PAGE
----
PARMA, Ohio -- Senator John F. Kerry is having trouble wooing fellow Roman Catholics in Iowa and Wisconsin. President Bush is short of his expected Catholic count in Michigan and Minnesota. Once reliably Democratic, Catholics have become one of the most complicated and coveted swing voting blocs.
Catholics make up one-quarter of the electorate nationwide, with larger percentages in a dozen battleground states, including New Hampshire, Pennsylvania, New Mexico, Maine, Nevada, Florida, Missouri, and Ohio.
Four years ago, Democrat Al Gore edged Bush among Catholics, 50 percent to 47 percent, according to exit polls. So far this year, the Republican incumbent is splitting the vote with Kerry, the first Catholic to run for president since Democrat John F. Kennedy got 83 percent of the Catholic vote against Republican Richard M. Nixon in 1960.
Catholics kept voting Democratic until 1972, when they gave 61 percent of their support to Nixon. They have been independent-minded ever since -- narrowly backing Republican Ronald Reagan twice and giving 20 percent of their support to Ross Perot in 1992 while handing Bill Clinton about half their votes.
The Catholic vote has shifted as lifelong Democrats -- many of them from blue-collar, ethnic suburbs like Parma -- began to wonder whether their party had become too liberal on social issues, if not economic policy. They were "Reagan Democrats," charter members of Nixon's "Silent Majority."
They are Catholics like Irene Sandor, 75, who stood on her tiny cement porch Tuesday in Parma while watching Kerry's running mate, Senator John Edwards, arrive at a community center across the street. "The last Democrat I voted for was John Kennedy," she said. "Kerry, I know he's Catholic. But I also know he's a liberal."
An Associated Press-Ipsos poll indicated that a majority of Catholics who are likely voters attend Mass at least once a week, and Bush gets a majority of the churchgoers' votes. The Republican campaign is appealing to them through the mail, telephone calls, and presidential events by emphasizing Bush's conservative views, particularly on abortion, that line up with the Vatican's teachings.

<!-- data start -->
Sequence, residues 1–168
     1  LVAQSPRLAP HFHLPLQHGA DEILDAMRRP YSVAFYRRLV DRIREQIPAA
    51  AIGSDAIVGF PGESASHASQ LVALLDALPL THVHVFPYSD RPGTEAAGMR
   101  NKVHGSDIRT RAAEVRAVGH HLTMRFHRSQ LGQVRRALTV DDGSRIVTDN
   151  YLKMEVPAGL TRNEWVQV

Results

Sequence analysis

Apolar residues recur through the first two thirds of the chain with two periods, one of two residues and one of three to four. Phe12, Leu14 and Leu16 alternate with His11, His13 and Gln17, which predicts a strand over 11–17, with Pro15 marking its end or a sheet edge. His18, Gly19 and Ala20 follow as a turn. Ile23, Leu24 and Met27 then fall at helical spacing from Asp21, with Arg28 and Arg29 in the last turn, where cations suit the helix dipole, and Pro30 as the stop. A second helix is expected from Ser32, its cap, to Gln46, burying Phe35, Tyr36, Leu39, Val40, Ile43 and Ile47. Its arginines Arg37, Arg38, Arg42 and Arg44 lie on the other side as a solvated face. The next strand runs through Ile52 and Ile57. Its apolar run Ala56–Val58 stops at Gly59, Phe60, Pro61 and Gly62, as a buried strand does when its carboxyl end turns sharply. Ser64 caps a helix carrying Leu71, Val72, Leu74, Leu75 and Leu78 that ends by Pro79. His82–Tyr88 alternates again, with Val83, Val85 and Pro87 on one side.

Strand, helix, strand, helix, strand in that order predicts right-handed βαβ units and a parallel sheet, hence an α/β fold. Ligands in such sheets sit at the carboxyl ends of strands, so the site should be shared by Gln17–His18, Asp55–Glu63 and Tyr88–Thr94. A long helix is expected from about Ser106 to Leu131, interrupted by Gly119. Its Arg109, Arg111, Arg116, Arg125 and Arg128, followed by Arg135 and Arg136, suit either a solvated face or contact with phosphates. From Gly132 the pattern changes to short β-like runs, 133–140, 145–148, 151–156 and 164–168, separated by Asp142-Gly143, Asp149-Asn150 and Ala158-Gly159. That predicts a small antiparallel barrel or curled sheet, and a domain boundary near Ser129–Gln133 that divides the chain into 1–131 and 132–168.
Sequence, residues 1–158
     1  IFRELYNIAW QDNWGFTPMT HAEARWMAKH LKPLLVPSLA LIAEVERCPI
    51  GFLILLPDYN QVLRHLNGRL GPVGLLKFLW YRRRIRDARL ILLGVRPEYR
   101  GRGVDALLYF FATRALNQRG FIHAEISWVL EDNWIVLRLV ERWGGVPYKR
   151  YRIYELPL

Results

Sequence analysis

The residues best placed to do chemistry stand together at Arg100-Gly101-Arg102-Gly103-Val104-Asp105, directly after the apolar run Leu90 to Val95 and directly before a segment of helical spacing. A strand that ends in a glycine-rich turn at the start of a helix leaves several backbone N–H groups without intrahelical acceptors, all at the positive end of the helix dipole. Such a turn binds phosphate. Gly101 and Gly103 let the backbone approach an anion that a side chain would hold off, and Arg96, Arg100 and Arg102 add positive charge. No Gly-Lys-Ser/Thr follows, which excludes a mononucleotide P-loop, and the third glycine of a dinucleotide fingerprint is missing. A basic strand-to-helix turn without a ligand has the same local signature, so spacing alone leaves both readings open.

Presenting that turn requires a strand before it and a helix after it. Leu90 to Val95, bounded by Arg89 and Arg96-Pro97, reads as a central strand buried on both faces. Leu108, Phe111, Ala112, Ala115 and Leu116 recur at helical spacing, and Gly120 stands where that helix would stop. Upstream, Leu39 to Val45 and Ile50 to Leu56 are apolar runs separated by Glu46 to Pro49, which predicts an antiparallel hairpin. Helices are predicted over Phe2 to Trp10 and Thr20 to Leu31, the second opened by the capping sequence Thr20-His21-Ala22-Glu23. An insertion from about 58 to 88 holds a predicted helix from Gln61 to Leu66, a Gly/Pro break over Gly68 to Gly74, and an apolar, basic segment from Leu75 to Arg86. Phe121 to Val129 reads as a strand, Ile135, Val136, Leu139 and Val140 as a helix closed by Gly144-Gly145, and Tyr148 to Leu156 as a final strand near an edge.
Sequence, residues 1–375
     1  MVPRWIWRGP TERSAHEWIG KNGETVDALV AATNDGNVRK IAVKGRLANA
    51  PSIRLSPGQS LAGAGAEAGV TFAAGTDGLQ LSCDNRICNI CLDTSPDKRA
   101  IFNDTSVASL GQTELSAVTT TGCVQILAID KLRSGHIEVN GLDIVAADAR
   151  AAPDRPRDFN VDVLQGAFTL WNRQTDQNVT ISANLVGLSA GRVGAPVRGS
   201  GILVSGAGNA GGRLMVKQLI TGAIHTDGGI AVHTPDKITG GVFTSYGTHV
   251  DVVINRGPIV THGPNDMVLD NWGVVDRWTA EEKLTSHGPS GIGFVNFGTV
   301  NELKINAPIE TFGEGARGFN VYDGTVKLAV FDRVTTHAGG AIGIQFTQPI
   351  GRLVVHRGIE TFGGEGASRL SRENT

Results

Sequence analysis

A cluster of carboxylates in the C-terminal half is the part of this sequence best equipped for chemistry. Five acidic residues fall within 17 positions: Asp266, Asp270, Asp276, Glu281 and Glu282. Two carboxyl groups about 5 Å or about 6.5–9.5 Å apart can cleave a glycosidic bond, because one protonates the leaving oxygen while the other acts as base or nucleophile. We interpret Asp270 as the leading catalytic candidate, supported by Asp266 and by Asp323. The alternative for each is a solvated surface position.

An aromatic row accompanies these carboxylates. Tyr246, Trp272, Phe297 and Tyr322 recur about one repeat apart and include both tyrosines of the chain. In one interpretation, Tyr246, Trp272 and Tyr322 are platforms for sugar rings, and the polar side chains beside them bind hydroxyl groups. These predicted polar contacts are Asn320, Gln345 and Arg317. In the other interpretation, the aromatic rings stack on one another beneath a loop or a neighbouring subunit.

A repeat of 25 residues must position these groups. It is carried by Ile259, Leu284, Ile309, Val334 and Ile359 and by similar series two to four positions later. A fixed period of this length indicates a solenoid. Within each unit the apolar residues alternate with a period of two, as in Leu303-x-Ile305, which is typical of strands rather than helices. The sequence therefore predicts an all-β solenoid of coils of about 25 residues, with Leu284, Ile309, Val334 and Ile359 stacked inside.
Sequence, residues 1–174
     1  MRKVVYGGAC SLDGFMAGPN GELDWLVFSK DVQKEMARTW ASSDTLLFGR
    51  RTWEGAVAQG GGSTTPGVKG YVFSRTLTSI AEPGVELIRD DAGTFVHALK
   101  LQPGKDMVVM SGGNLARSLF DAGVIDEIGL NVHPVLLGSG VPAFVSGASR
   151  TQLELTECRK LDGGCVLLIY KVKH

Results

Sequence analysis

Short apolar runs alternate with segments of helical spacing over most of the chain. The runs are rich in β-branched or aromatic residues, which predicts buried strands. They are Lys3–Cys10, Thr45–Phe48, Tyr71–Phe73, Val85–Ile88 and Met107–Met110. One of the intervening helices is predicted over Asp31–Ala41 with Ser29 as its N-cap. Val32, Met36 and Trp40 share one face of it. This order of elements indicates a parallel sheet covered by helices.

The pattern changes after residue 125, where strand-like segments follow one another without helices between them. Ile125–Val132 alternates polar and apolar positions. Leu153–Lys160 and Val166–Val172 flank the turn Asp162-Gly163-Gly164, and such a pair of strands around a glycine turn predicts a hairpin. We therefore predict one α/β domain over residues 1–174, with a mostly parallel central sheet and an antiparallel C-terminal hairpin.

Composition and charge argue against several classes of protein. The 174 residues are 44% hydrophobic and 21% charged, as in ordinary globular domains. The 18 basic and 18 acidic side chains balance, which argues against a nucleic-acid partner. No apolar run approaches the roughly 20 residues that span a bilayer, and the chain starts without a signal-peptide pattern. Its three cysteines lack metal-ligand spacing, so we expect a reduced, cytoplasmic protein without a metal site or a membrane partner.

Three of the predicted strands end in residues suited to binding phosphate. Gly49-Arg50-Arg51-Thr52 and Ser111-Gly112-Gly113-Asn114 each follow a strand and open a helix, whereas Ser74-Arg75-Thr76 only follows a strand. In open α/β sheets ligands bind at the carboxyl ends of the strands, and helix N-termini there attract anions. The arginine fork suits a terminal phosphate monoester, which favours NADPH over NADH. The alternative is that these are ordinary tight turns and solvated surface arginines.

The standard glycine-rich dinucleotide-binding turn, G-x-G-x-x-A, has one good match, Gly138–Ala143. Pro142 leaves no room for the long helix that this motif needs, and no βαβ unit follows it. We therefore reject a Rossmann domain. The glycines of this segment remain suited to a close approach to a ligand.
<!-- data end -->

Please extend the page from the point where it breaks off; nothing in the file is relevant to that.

The Republican National Committee says it has 45,000 "team leaders" reaching out to fellow Catholics and collecting parish directories to identify new voters. A committee website for Catholics plays up Kerry's differences with the Vatican on abortion and gay rights.
Catholics who do not attend Mass regularly tend to back Kerry, according to the AP-Ipsos poll. Many of them are targeted by Kerry's campaign because they are part of his base -- union members, minorities, and low-income earners.
Catholic swing voters tend not to mix their religion with their politics. Thus, Bush and Kerry are appealing to them the same as they do other swing voters by pushing poll-tested issues such as education and health care while trying to undercut each other's character.
Gore narrowly won Wisconsin while carrying the state's Catholic vote by three percentage points. Private and public polls indicate Bush is tied or winning among Catholics there.
Though the small sample sizes prohibit definitive conclusions, surveys conducted for the campaigns indicate Kerry also is lagging behind Gore's Catholic totals in Iowa and perhaps Ohio. Bush is not doing as well as he did four years ago in Minnesota, New Hampshire, and Michigan.